Legislature(2017 - 2018)GRUENBERG 120
04/09/2018 01:00 PM House JUDICIARY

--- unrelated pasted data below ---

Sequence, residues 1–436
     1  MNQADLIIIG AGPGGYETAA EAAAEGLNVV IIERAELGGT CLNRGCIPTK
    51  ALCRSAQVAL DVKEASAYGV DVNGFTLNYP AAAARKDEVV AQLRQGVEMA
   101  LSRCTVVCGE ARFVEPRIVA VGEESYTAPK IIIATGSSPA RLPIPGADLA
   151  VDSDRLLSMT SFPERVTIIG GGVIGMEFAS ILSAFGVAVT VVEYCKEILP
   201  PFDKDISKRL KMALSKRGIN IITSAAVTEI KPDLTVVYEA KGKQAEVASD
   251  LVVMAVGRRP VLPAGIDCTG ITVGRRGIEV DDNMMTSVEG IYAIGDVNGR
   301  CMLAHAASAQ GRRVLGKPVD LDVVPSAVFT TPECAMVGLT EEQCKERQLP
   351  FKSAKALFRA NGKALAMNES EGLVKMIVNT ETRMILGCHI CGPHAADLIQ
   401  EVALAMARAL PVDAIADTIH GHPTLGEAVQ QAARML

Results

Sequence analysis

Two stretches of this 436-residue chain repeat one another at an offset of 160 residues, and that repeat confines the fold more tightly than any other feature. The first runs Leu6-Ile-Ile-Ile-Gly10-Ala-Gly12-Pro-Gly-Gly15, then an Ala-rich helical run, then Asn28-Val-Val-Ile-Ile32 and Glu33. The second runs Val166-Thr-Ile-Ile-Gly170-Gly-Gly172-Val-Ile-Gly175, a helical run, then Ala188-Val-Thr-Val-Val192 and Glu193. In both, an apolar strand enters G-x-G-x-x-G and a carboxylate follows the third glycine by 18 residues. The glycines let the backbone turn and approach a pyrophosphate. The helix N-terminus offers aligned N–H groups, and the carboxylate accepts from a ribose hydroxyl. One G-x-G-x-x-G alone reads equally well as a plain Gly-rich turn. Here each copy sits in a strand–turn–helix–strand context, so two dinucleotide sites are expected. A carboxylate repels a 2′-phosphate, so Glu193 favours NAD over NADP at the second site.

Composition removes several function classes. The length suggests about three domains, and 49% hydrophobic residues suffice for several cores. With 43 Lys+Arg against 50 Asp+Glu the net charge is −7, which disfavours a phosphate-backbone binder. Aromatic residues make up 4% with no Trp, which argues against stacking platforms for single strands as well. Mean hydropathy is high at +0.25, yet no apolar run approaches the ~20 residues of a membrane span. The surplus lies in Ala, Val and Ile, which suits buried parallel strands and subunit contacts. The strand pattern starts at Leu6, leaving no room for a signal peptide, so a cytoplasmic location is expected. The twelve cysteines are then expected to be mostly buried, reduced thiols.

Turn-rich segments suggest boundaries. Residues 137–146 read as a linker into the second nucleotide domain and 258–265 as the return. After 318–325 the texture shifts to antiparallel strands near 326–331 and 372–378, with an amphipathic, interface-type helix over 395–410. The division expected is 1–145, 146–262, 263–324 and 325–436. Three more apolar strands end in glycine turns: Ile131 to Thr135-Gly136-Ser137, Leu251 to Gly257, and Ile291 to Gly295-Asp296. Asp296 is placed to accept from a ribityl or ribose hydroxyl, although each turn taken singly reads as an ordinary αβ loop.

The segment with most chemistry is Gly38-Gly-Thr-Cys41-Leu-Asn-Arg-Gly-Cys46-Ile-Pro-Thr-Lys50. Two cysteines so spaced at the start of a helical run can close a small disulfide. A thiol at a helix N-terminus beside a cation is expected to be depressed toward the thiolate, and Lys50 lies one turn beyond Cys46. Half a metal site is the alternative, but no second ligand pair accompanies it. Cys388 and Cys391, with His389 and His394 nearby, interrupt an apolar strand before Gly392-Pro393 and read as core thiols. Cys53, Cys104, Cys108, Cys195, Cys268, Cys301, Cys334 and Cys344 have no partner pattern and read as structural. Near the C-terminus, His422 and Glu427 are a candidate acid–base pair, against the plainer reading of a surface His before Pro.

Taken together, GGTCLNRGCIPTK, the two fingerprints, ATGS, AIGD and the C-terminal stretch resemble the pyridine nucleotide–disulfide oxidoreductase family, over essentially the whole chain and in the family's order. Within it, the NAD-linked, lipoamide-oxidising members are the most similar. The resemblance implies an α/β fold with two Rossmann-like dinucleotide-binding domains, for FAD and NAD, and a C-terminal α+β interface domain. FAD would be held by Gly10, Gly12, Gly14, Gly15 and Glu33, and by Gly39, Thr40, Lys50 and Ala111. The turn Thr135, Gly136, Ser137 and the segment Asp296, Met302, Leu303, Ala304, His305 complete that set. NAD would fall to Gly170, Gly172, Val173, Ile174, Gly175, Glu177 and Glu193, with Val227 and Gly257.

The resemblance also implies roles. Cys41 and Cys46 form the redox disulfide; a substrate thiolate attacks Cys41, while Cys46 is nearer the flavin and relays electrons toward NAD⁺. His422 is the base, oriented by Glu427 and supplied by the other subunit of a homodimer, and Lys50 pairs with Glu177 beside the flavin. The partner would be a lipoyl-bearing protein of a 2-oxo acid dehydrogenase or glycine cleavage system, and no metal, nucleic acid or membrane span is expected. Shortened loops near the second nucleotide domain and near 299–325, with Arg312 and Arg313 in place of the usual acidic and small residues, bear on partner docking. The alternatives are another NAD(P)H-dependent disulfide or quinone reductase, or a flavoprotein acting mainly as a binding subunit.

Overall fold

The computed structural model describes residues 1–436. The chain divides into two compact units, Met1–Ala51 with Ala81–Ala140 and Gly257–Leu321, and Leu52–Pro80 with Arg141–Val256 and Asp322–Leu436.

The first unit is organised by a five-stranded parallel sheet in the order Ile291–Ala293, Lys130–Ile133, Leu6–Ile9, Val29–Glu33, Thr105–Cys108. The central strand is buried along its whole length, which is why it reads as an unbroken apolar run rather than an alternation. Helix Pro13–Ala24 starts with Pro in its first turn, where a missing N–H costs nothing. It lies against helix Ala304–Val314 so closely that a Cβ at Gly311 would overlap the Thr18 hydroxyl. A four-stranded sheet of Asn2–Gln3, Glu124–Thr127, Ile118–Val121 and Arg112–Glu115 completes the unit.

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SB 202-NATIVE CORP. LIABILITY FOR CONTAMINATION 2:12:47 PM CHAIR CLAMAN announced that the first order of business would be HOUSE CS FOR SENATE BILL NO. 202(JUD), "An Act relating to the liability of a Native corporation for the release or threatened release of hazardous substances present on certain lands." CHAIR CLAMAN reminded the committee that it previously heard HB 67 [companion bill to SB 202] and his plan is to pass SB 202 out of committee today. 2:13:42 PM CHAIR CLAMAN moved to adopt Amendment 1, labeled 30-LS1422\A.4, which read as follows: Page 1, line 6: Delete "and (n)" Delete "exception set out in (i)" Insert "exceptions [EXCEPTION] set out in (i) and (n)" Page 2, line 27, through page 3, line 1: Delete all material and insert: "(n) A Native corporation that acquired land under 43 U.S.C. 1601 et seq. (Alaska Native Claims Settlement Act) is not liable under this section for a release or threatened release of a hazardous substance on the land unless the Native corporation, by an act or omission, caused or contributed to the release or threatened release of the hazardous substance." REPRESENTATIVE STUTES objected for purposes of discussion. 2:14:06 PM MARIDON BOARIO, Staff, Senator Lyman Hoffman, Alaska State Legislature, explained that Amendment 1 creates an exception to strict liability under AS 46.03.822. Under this amendment, she advised, strict liability does not apply to Native Corporations for any release or threatened release of a hazardous substance on land granted under the Alaska Native Claims Settlement Act (ANCSA) unless the Native Corporation, by an act or omission, caused or contributed to the release or threatened release. The amendment also removes the burden of proof from the Native Corporation, and she added that Senator Hoffman fully supports Amendment 1. 2:14:51 PM CHAIR CLAMAN surmised that the intention of Amendment 1 is that the Senate bill will track the language passed on a recent federal law within an appropriations bill (Indisc.). MS. BOARIO responded that Chair Claman was correct because when this bill was introduced there was pending federal legislation, which has since passed. When that law was passed, she advised, it came to light that possibly Alaska's statute was not tracking as closely as it should have, and this language makes state law compatible with the federal law. 2:15:52 PM REPRESENTATIVE EASTMAN offered a scenario of someone finding a hazardous substance on another person's property and surmised that under this amendment, if someone goes to that property and finds "something, in order for them to be liable, we have to prove that they were to blame for the substance." MS. BOARIO answered that the burden of proof is on the person who caused the contamination. 2:16:53 PM REPRESENTATIVE EASTMAN asked whether the burden of proof is on the Native Corporation to prove that it did not cause the problem, or must someone, possibly the government, prove that they did cause the contamination. MS. BOARIO replied that Representative Eastman was correct. 2:17:14 PM REPRESENTATIVE EASTMAN surmised that that scenario would be different for the Native Corporation than it is for everyone else because in other property situations the burden of proof would be on the person to prove that they did not contaminate the property. MS. BOARIO deferred to Chair Claman, and said that this is a specific situation for Alaska Native Corporations on transferred land. 2:18:10 PM REPRESENTATIVE KOPP commented that it appears Amendment 1 simply makes clear that the Native Corporation owned lands were not conveyed liability in the Alaska Native Settlement Act. In other words, he explained, as SB 202 currently reads, the onus is on the Native Corporation to prove it is not liable. Wherein, under this amendment the Native Corporations are basically moved to a neutral position, and the assumption is that the Native Corporations were not conveyed any liability when lands were conveyed to the Native Corporations. MS. BOARIO replied that Representative Kopp was correct. 2:19:01 PM REPRESENTATIVE STUTES withdrew her objection. There being no objection, Amendment 1 was adopted. 2:19:16 PM REPRESENTATIVE LEDOUX moved to adopt Amendment 2, labeled 30- LS1422\A/1, which read as follows: Page 1, line 1: Delete "Native corporation" Insert "person" Page 2, line 24, through page 3, line 2: Delete all material and insert: "* Sec. 2. AS 46.03.822(d) is amended to read: (d) To establish that a person had no reason to know that the hazardous substance was disposed of on, in, or at the facility, as provided in (c)(1) and (l) of this section, or to establish that a person had no reason to know that the hazardous substance was present on the land at the time the ownership of the land was transferred to the person, as provided in (n) of this section, the person must have undertaken, at the time of voluntary acquisition, all reasonable inquiries into the previous ownership and uses of the property consistent with good commercial or customary practice in an effort to minimize liability. For purposes of this subsection a court shall take into account all relevant facts, including (1) any specialized knowledge or experience the person has; (2) the relationship of the purchase price to the value of the property if it were uncontaminated; (3) commonly known or reasonably ascertainable information about the property; (4) the obviousness of the presence or likely presence of contamination at the property; and (5) the ability to detect contamination by appropriate inspection. * Sec. 3. AS 46.03.822 is amended by adding a new subsection to read: (n) In an action to recover damages or costs, a person otherwise liable under this section for a release or threatened release of a hazardous substance on the person's land is relieved from liability under this section if the person proves that the (1) person did not know and had no reason to know that the hazardous substance was present on the land at the time the ownership of the land was transferred to the person; and (2) hazardous substance was present on the land at the time the ownership of the land was transferred to the person." REPRESENTATIVE STUTES objected for purposes of discussion. 2:19:27 PM REPRESENTATIVE LEDOUX commented that "this is a very good bill," except it brings out a problem in Alaska's laws in general. There is the problem that someone could be a good faith purchaser or grantee of a property and end up getting stuck on a strict liability standard for a hazard on the property. She opined that that situation is not fair, which has been pointed out in the context of Native Corporations. Amendment 2, she explained, basically "changes our law, period, so that no good faith person ends up to be liable." She acknowledged that this is a huge change in Alaska law and she does not want to impede this bill because it will help the Native Corporations with its contaminated lands. Representative LeDoux advised that Amendment 2 was drafted to shed light on this existing problem in the Department of Environmental Conservation (DEC) and environmental law wherein a future legislature may possibly change this law for everyone. She advised that she withdraws Amendment 2. 2:21:18 PM REPRESENTATIVE EASTMAN moved to adopt Amendment 3, labeled 30- LS1422\A.2, which read as follows: Page 2, line 29, following the first occurrence of "the": Insert "(1)" Page 2, line 31: Delete "and the" Insert "; (2)" Page 3, line 1, following "granted": Insert "; and (3) Native corporation did not have control of the land at the time the hazardous substance was disposed of or placed on the land" REPRESENTATIVE KREISS-TOMKINS objected. 2:21:24 PM REPRESENTATIVE EASTMAN referred to [SB 202, Sec. 3. AS 46.03.822, page 3, line 1], and explained that Amendment 3 adds the language after the word "granted." as follows: (3) Native corporation did not have control of the land at the time the hazardous substance was disposed of or placed on the land. REPRESENTATIVE EASTMAN explained that the language clarifies that a Native Corporation managed its land prior to the granting of land, and if the corporation is already responsible for the land "and there's things being done to it," this would not inadvertently absolve those responsible parties of their responsibility to make certain the hazardous substances were appropriately disposed. 2:22:12 PM CHAIR CLAMAN asked the sponsor of the bill, in light of the passage of Amendment 1, whether the sponsor supports Amendment 3. MS. BOARIO opined that Senator Hoffman would not support Amendment 3. 2:22:49 PM CHAIR CLAMAN noted that [within the committee packet] are letters from Daniel Cheyette, Vice President for Lands and Natural Resources, Bristol Bay Native Corporation; and Jaeleen Kookesh, Vice President, General Counsel & Corporate Secretary. He referred to the last sentence of paragraph 3, of the 4/9/18 letter from the Sealaska Corporation which read as follows [original punctuation provided]: Representative Eastman's amendment would be moot if your amendment is adopted by the Committee and the legislature. CHAIR CLAMAN asked Representative Eastman whether the passage of Amendment 1 moots his motion to adopt Amendment 3. 2:23:33 PM [CHAIR CLAMAN and Representative Eastman discussed receipt of the letter and its content.] CHAIR CLAMAN again asked whether Representative Eastman had an argument that the passage of Amendment 1 did not moot his motion for the adoption of Amendment 3. REPRESENTATIVE EASTMAN commented that it is hard for him to understand why Amendment 3 is now moot. 2:24:20 PM CHAIR CLAMAN directed Representative Eastman's attention to the 4/9/18 letter from the Bristol Bay Native Corporation [contained within the committee packet] and asked that he read paragraph 4 as it explains why Amendment 3 is moot. He requested that Representative Eastman offer a basis within which Chair Claman should not rule Amendment 3 out-of-order. REPRESENTATIVE EASTMAN opined that "this actually gets to the substance" of the matter and Amendment 3 is important to discuss. 2:24:59 PM CHAIR CLAMAN ruled Amendment 3 out-of-order because he agreed with the analysis provided by the Sealaska Corporation that the adoption of Amendment 1 takes out the burdens "that you are actually talking about." CHAIR CLAMAN advised that even though the committee passed Amendment 1, it raised a fiscal note issue that John Halverson of the Department of Environmental Conservation would address. 2:25:44 PM JOHN HALVERSON, Environmental Program Manager, Contaminated Sites Program, Department of Environmental Conservation (DEC), advised that there would likely be a need for a fiscal note with Amendment 1. CHAIR CLAMAN requested more clarity as to whether it would be an increased fiscal note and whether there was a fiscal note previously. MR. HALVERSON responded that there was a zero fiscal note previously and with Amendment 1 there would likely be an increase in state costs because the burden of proof will have to fall to the state. 2:26:41 PM REPRESENTATIVE KOPP asked whether the burden is normally with the state when it comes to DEC litigated claims on land transfers that move from the state to private ownership, or is the burden of proof normally with the person to whom the land was transferred to, and whether there is a standard that applies here. MR. HALVERSON responded that normally it would be through the parties to the transaction rather than to the state. 2:27:31 PM REPRESENTATIVE KOPP said (Indisc.) transaction happened to be the state and the person to whom the land was conveyed to, he asked whether it would be the state's job to prove the liability. MR. HALVERSON answered that the burden would be on the party who previously owned the property. This case deals with properties that were under federal ownership and conveyed to the corporations. 2:28:17 PM REPRESENTATIVE KREISS-TOMKINS noted that many of these conveyances are from the federal government to the Native Corporations under the Alaska Native Claims Settlement Act (ANCSA), and asked where the State of Alaska and DEC fit into that equation, and why DEC would have any obligation if this is a transaction between two parties that are not the State of Alaska. MR. HALVERSON opined that if there is a disagreement between the current landowner and the federal government over responsibility for contamination on the land, the state would typically look to those parties to sort it out and it would provide oversight on any necessary cleanup. Under adopted Amendment 1, the state may incur some additional expenses in trying to research the history on when contamination occurred and whether the Native Corporation had caused or contributed to existing problems at the site. CHAIR CLAMAN added that one of the key concepts to recognize in SB 202, page 1, lines 9-11, read as follows: damages, for the costs of response, containment, removal, or remedial action incurred by the state, a municipality, or a village, and for the additional costs of a function or service, including administrative expenses for the incremental costs of providing the CHAIR CLAMAN advised the if there is contamination, typically the state or municipality engages costs and then looks to the landowner for reimbursement. The above provision essentially says that if there is an effort by the state to try to recoup those costs, it would have to be able to show that the Native Corporation had caused the contamination. 2:30:26 PM REPRESENTATIVE KOPP stated that this comes down to a fundamental due process issue because Native Corporations are a corporation, but they are also Alaskans and have been given land under ANSCA. Without this amendment, they would be required to wage legal war with the federal government, who has limitless resources. He opined that this puts the Native Corporations on a more equal footing wherein they are not presumed guilty until they prove otherwise. He said that it introduces a due process protection, which is "very important." 2:31:11 PM CHAIR CLAMAN pointed out that no motion had been introduced to change the committee's action on Amendment 1, and moved on to committee discussion. 2:31:17 PM REPRESENTATIVE EASTMAN noted that Amendment 2 was not discussed because its sponsor withdrew the amendment. He commented that the sponsors of this bill make a strong point that liability ought not be placed where it does not belong, and Amendment 2 makes that same point. He said that he looks forward to being able to support that amendment or other language at the first opportunity. 2:32:16 PM REPRESENTATIVE STUTES commented that she is happy to see SB 202 because her district contains some contaminated areas that have absolutely crippled the Native Corporation from developing the areas. She opined that possibly with SB 202, it will allow the Native Corporations some recourse to move forward because in her area as well, as many other rural areas, housing is a huge problem and the Native Corporations are unable to develop their lands for housing due to these types of issues. 2:32:56 PM CHAIR CLAMAN commented that he is particularly pleased with Amendment 1 because it puts state law and federal law on the same path, which is a positive step. Thereby, he advised, the Native Corporations would not have to look at two different rules for two different jurisdictions as they move forward. 2:33:18 PM REPRESENTATIVE KREISS-TOMKINS REPRESENTATIVE moved to report SB 202, labeled 30-LS1422\A, as amended, out of committee with individual recommendations and the accompanying fiscal notes. There being no objection, SB 202(JUD) passed out of the House Judiciary Standing Committee.